Ruthless: Scientology, My Son David Miscavige, and Me

Ruthless: Scientology, My Son David Miscavige, and Me by Ron Miscavige with Dan Koon was ostensibly a tell-all about the current leader of the Church of Scientology and his relationship to his father, the author. Its title alone was enough to draw me in. I was expecting a story about a cruel and merciless dictator of a cult leader who banished his family, yet by the end I wondered why the author chose to entitle his book Ruthless, as Ron’s portrayal of his son certainly didn’t seem as harsh as the all-caps title proclaims. Not that I am siding with David, yet I was expecting 1970’s African dictator antics and didn’t get any. (Throughout this review I will refer to father and son by their first names to avoid confusion by surname-only protocols.) After I finished the book I could only ask myself, what was so ruthless about David? Ron was so estranged from his son that I don’t think even he had much of an idea what David was doing–and Ron was also a Scientologist. His choice of book title seems more a product of rumour than fact, or perhaps a product of a publisher’s marketing suggestion.

Ron started off writing about his family history and how he was introduced to Scientology. I was already halfway through the book yet David was still a teenager. I wondered when Ron would get to the “ruthless” parts. The second half of the book progressed at an accelerated pace, when David became a messenger for L. Ron Hubbard and then, at the age of twenty-six, the leader of the Church after the death of Hubbard.

The details dropped off once David moved out of the house. He became estranged from the family then. No wonder I was left grasping for juicy ruthlessness. Ron didn’t have much to write about. This is by no means my way of giving David a pass as leader of the Church. Ron states plenty of times in asides (classic signs of an interview transcript; it’s Dan Koon who wrote this book) that he believes his son is a corrupt dictator. Ron certainly filled my notes with tabloid quotes:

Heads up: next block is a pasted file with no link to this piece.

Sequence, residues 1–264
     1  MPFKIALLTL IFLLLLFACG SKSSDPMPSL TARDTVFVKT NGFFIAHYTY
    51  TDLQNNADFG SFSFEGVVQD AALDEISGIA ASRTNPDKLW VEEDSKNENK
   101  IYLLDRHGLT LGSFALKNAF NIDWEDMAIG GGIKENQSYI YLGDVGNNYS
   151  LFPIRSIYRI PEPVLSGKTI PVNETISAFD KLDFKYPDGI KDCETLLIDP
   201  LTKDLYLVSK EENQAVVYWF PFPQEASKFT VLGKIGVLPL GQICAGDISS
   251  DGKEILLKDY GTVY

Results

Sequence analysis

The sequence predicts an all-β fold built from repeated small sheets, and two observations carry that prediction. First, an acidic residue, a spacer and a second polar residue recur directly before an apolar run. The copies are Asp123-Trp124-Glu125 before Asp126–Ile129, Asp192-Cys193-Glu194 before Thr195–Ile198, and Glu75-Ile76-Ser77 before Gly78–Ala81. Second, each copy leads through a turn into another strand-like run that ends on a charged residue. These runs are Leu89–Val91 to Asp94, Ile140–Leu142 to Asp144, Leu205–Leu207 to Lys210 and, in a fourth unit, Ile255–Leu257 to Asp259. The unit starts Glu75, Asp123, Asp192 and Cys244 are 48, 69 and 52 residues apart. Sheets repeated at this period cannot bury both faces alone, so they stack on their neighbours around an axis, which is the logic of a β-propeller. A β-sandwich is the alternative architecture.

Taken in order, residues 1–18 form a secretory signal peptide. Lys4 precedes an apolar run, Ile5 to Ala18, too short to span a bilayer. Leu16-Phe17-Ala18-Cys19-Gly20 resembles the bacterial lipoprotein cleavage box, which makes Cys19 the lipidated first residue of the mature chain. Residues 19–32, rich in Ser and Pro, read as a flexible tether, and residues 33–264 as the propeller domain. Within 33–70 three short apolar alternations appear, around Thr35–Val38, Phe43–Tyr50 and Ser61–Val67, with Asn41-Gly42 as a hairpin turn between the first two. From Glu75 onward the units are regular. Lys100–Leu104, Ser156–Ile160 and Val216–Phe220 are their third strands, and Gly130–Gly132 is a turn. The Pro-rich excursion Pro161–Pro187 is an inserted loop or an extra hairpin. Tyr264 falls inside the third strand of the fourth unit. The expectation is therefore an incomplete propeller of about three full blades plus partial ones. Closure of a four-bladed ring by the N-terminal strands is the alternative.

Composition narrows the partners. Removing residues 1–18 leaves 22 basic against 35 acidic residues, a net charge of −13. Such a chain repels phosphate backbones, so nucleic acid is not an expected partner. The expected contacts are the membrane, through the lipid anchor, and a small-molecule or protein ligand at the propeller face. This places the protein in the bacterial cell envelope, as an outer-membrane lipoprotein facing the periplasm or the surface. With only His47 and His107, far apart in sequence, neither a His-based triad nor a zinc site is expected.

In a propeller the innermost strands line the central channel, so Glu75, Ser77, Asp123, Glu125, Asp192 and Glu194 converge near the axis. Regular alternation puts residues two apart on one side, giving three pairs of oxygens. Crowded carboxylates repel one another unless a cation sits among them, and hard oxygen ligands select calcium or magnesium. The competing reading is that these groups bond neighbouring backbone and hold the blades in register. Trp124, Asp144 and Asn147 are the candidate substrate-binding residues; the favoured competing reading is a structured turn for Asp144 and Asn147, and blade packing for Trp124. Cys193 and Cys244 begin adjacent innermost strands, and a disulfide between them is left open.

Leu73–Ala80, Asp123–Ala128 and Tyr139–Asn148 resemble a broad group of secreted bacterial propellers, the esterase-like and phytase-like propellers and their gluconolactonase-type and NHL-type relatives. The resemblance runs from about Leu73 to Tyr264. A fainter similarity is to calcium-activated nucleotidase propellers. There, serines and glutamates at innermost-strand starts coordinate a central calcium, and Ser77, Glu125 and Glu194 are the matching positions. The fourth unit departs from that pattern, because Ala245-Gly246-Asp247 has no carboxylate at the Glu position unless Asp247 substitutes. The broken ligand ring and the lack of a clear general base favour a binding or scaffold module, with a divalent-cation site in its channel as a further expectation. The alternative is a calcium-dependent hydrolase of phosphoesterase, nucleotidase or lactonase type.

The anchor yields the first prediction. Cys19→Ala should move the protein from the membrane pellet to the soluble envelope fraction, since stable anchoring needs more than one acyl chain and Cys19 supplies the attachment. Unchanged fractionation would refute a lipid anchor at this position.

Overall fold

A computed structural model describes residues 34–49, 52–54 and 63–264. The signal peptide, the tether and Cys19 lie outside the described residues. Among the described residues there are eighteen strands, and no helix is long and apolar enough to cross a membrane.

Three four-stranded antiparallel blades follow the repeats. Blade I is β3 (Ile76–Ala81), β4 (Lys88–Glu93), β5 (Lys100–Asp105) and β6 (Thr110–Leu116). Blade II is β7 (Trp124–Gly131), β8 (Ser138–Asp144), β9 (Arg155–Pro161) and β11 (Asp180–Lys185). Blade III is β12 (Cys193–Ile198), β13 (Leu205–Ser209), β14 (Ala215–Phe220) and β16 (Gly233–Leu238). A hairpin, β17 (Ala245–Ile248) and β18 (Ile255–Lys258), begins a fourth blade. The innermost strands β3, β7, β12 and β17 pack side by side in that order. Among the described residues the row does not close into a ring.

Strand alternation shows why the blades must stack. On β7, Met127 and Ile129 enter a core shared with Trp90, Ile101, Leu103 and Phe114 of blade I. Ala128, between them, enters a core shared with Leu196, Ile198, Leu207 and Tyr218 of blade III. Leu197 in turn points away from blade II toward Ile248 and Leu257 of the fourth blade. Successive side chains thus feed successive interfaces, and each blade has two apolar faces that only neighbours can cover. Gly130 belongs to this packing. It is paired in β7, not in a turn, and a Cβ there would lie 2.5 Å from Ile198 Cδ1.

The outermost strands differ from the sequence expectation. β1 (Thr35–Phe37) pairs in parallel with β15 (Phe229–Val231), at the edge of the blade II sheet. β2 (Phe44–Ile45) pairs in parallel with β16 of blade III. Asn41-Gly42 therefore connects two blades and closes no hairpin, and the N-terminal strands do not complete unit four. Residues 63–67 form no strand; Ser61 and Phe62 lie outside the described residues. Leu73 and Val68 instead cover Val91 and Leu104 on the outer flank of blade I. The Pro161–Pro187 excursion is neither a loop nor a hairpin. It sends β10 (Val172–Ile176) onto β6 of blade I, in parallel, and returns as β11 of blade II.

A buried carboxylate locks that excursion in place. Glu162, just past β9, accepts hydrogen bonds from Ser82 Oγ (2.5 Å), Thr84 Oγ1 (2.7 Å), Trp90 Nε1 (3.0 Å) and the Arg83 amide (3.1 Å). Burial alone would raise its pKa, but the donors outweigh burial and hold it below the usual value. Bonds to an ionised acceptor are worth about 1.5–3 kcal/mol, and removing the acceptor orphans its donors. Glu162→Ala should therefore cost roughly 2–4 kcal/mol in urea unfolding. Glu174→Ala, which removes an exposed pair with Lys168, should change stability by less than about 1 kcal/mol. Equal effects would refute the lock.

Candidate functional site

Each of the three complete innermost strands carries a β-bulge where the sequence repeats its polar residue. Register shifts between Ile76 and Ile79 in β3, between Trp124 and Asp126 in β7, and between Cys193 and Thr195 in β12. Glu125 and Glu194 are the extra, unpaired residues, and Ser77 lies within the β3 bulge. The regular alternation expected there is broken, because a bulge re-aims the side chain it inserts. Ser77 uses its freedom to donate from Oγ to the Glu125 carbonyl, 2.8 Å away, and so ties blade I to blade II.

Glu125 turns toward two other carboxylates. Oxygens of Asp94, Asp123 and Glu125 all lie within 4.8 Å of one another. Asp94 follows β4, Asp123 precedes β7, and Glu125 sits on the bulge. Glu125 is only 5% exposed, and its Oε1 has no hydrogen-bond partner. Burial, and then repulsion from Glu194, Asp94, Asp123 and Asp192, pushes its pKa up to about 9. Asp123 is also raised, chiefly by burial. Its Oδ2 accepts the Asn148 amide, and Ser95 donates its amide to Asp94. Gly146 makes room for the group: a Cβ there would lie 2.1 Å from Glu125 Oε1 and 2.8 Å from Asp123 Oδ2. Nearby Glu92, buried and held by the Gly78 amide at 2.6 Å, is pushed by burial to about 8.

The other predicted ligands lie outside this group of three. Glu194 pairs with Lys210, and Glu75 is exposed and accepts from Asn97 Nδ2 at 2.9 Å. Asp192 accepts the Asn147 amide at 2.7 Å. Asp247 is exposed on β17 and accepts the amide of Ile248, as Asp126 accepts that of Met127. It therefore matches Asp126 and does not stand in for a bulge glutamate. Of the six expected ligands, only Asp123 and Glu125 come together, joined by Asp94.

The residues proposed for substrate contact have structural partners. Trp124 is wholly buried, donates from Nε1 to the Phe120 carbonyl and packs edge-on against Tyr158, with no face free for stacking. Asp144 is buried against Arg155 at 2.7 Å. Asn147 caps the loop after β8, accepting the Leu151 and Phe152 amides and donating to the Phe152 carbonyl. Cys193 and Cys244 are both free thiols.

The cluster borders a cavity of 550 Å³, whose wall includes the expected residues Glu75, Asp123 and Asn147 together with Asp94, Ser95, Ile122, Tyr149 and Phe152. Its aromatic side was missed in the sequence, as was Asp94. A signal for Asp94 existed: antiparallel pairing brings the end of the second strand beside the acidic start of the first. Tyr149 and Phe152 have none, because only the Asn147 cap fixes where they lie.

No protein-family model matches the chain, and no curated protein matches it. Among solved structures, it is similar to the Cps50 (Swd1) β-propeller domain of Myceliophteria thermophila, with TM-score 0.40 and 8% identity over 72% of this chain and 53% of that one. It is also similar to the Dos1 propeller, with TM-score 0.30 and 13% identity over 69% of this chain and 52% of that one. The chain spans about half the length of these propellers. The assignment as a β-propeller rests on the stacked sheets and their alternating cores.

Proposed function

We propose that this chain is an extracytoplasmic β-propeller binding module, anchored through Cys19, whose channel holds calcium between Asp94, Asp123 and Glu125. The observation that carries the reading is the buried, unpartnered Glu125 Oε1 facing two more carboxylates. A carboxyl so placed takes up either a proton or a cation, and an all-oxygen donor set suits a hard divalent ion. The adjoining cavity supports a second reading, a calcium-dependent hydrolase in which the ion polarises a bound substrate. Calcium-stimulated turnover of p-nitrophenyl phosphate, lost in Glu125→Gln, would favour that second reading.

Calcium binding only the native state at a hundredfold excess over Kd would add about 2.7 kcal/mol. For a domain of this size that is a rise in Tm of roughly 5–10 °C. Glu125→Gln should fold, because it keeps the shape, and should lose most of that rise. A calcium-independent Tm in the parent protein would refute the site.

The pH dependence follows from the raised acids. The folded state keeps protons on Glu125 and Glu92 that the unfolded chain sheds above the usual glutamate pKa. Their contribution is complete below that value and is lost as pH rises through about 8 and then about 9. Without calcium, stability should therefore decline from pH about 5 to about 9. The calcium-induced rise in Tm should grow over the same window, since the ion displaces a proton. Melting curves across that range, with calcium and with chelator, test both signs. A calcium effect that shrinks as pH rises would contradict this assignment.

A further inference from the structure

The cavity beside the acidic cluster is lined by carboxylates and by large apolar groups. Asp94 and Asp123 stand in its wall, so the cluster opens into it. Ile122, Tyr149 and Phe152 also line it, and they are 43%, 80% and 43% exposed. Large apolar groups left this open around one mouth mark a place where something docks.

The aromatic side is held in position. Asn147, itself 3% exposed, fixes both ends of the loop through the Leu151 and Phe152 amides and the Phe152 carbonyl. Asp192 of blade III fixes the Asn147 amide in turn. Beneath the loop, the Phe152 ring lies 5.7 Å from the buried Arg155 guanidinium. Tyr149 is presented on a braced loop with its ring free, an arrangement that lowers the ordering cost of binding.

“And, for certain, he has become corrupt. When I compare the happy, fun-loving boy I raised to the man he has become, the images of Dr. Jekyll and Mr. Hyde spring immediately to mind.”


“Some who come into positions of power may be able to remain whole and true to themselves, but my son David has demonstrated beyond doubt that he is not one of them.”

It’s zinger quotes like this that provide the only proof for the choice of book title. Otherwise we are left with reading about Ron’s work for the church as a composer (whose work was often rejected). He and his wife felt so repressed with Church life–comparing it to a jail that they had built around themselves–that they devised a plan to escape. This was the only part of the book that I felt was can’t-put-down, but I wasn’t on the edge of my seat reading it.

While disenchanted with the way the Church has developed after his son took over, Ron still professes the life-altering benefits he gleaned from Scientology. He nonetheless regrets what the Church has become under his son’s leadership:

“The Scientology movement under David’s authoritarian leadership has morphed from a group that I believe was basically sincere in its efforts to help people understand themselves and better their lives to one that, today, I am sad to say, is primarily a coercive organization. I have watched this transformation over more than forty years. David runs Scientology with an iron fist and, to my mind, it has become a cult, pure and simple.”


“I have known Scientology from when it was a comparatively footloose and fancy-free association of people having fun and finding things out about themselves to the controlling East Germany-under-the-Stasi cult it is today.”


“Yes, I firmly believe that Scientology has morphed into an immoral organization that hides a long list of abuses behind First Amendment protections.”

Ruthless wasn’t exciting, suspenseful or even particularly informative. My impression of Scientology before I read it didn’t change. Ruthless was a rapid read, mostly an exercise in turning pages.

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